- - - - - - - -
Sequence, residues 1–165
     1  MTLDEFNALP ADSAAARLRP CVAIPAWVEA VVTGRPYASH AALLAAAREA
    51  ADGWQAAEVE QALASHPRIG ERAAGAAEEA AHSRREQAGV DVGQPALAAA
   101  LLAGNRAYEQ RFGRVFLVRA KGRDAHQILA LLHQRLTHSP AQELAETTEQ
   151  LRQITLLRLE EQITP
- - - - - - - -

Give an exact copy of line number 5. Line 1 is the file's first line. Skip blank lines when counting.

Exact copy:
   151  LRQITLLRLE EQITP